Professors want to know why students are not showing up to in-person classes

To zoom or not to zoom?

Photo+by+Sigmund+on+Unsplash

Photo by Sigmund on Unsplash

Laken Kincaid, Staff Reporter

With Zoom readily available, professors are finding it rare to teach to students in-person. Ever since John Carroll University transitioned back to in-person learning for the spring semester, faculty have reported that their in-person attendance has dwindled, leaving many professors to lecture to an empty, or nearly empty, classroom. The question remains: If students wanted to be on campus so badly last fall, why are they still joining from their isolated dorms?

“The transition from being completely virtual to on campus was a little bit of a challenge, but the month-long break helped with the adjustment,” Evan Richwalsky ’24 told The Carroll News. “From what I have seen, the professors that are teaching in-person have adjusted to having a hybrid classroom quite well.”

However, professors are seeing fewer and fewer students walk into their classrooms every day. 

“We were told that there was an overwhelming desire that students wanted to return to the classroom,” David Young, an English professor at JCU, stated. “The spreadsheet I received at the beginning of the semester indicated that out of the 38 students that I have, six planned to be remote only, while the remainder were ‘in-person’ or ‘in-person (assumed).’ And currently, the environment does not reflect that.”

According to Young, he began to see the amount of in-person students drop off around week three of the semester. Many professors stated that teaching in-person after teaching in a completely virtual class can be uncomfortable and sometimes odd.

“I have days where I show up to campus and there are no students in the classroom, and I am teaching to a large TV monitor in the backroom,” Young continued. “And when a single student may show up, I can tell how uncomfortable they feel being the only one in the classroom with the instructor, so it makes teaching all the more difficult because there are these divisions between the students. I have allowed my frustrations to slip into my teaching at times, and I need to be more cognizant of my own issues with the model the University implemented because it is not the fault of the students.”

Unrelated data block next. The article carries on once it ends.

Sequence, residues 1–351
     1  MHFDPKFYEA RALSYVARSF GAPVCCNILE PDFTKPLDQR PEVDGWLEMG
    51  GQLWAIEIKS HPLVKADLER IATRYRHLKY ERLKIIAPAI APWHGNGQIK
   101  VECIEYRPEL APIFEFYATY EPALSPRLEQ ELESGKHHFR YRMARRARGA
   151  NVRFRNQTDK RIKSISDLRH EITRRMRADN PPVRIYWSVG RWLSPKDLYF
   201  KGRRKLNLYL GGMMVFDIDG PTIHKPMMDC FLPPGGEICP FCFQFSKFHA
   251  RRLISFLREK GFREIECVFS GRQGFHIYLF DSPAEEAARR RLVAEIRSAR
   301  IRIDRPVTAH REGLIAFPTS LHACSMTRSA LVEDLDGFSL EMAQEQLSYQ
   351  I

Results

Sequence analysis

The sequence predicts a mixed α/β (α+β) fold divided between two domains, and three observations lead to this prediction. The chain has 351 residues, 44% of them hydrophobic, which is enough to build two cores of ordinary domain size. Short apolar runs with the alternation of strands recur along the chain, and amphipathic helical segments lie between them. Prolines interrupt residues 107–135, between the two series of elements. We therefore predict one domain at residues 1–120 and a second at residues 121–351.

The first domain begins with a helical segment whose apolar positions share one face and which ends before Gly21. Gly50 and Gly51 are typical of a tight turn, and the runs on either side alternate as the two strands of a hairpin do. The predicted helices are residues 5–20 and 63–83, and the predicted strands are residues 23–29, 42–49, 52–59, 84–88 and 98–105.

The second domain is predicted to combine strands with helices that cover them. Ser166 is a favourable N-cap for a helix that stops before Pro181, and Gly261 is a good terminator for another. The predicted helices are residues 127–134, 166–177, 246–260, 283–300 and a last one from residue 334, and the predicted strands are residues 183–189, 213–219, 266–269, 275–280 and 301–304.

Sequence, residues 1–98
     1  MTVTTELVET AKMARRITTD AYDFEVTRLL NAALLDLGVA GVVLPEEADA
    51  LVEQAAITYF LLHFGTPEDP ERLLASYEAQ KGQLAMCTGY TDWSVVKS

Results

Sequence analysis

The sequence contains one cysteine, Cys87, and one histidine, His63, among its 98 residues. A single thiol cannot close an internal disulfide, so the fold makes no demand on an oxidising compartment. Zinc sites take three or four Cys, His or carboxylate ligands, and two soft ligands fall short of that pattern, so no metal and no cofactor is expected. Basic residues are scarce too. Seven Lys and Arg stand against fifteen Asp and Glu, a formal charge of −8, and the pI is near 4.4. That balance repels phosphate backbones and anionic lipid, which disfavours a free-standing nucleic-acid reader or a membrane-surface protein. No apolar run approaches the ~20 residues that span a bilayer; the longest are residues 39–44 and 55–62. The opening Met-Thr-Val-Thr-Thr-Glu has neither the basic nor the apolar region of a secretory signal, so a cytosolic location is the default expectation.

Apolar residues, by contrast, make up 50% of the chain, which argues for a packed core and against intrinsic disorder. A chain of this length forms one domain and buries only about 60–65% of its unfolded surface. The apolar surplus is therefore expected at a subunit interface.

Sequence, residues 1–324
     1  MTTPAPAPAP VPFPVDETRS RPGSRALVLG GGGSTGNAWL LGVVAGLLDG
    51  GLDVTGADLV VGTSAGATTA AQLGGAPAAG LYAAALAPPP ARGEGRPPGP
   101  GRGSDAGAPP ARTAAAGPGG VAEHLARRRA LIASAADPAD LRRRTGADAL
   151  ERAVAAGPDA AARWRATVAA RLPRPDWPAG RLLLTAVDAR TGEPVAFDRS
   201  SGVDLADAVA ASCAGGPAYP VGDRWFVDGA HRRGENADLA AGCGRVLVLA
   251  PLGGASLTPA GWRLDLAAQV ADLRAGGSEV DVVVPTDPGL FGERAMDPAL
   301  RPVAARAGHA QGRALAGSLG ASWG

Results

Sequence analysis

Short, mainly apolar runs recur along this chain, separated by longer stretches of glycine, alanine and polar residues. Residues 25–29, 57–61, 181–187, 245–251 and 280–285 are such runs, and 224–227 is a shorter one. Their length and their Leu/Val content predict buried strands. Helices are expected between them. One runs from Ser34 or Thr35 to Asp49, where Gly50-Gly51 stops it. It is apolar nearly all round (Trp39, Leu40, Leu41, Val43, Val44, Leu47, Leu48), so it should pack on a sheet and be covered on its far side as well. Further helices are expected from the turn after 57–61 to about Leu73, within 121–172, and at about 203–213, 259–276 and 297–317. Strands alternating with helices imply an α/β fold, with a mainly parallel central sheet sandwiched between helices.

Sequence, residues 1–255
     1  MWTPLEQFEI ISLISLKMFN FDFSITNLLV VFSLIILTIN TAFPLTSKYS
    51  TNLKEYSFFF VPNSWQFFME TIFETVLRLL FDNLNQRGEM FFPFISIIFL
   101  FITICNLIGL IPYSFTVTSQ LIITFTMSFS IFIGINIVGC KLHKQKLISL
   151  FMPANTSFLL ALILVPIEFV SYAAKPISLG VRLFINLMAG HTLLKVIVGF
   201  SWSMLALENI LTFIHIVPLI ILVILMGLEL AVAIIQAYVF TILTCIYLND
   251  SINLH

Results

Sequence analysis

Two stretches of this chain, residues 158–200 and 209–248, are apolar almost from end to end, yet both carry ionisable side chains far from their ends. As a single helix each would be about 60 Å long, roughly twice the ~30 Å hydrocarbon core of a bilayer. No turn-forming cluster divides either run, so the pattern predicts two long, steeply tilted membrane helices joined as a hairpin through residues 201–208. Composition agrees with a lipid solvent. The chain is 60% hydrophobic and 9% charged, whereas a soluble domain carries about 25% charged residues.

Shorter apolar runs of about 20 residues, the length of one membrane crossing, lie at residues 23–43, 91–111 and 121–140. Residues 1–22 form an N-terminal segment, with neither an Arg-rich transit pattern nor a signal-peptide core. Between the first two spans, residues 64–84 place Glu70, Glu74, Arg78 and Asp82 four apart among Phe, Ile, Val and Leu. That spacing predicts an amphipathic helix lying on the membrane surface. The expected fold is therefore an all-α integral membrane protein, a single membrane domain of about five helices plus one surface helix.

However, faculty and on-campus students alike are wondering what is causing this leave of absence among students.

“I think the lack is simply down to the number of students that did not move in this semester and also the convenience that Zoom can have for some students, especially ones that might have class attendance issues anyway,” Richwalsky stated. “It’s quite easy for a student in this Hyflex model to wake up one minute before class and instead of being late to an in-person class, just hop on Zoom. I prefer in-person learning because it is harder for me to focus and pay attention while learning virtually. Plus in virtual classrooms, it is harder to get to know people.

“I could say the administration has a role because of their lack of enforcement on attendance,” Richwalsky continued. “But, at the same time, professors could also be more clear about their attendance expectations. Our students are gaming the system a little too much, annoying their professors and peers.”

“Part of it is convenience for sure. They like the comfort of their room,” Kyle O’Dell, senior director of student engagement, told The Carroll News. “I also heard that students may have back-to-back classes, and students may not have enough time to travel. I don’t think there was an overarching concern about the in-class experience. Every student has a different story and a different reason for doing it.”

O’Dell assured The Carroll News that the issue is not the fault of the professors themselves but that, “Students realized they can take their class anywhere.”

While some faculty have worried that the lack of in-person attendance could reduce the quality of education a student receives, professors and the administration alike are putting their best foot forward to teach both in-person and remote students.

“The quality of instruction in fall was really high,” O’Dell continued. “The professors have come a long way from when we first went online. I think that our professors are dedicated to giving our students a good experience and that can happen both in-person and remotely. I have confidence that people have done a great job online. It’s not on the professors.”

 

Editor’s Note: The Carroll News wants to hear from the students! If you would like to provide your perspective on in-person classes, please email Rachel Scully at [email protected]